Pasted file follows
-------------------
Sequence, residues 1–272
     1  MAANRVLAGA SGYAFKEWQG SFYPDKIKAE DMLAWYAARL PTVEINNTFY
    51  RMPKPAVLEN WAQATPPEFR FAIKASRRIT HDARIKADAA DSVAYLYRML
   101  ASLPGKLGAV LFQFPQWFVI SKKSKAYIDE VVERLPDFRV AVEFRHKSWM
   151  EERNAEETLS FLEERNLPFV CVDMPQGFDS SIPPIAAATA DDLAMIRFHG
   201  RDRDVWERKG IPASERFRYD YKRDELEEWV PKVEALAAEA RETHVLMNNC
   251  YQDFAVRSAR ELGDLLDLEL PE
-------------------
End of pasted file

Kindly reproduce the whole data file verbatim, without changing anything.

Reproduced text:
Sequence, residues 1–272
     1  MAANRVLAGA SGYAFKEWQG SFYPDKIKAE DMLAWYAARL PTVEINNTFY
    51  RMPKPAVLEN WAQATPPEFR FAIKASRRIT HDARIKADAA DSVAYLYRML
   101  ASLPGKLGAV LFQFPQWFVI SKKSKAYIDE VVERLPDFRV AVEFRHKSWM
   151  EERNAEETLS FLEERNLPFV CVDMPQGFDS SIPPIAAATA DDLAMIRFHG
   201  RDRDVWERKG IPASERFRYD YKRDELEEWV PKVEALAAEA RETHVLMNNC
   251  YQDFAVRSAR ELGDLLDLEL PE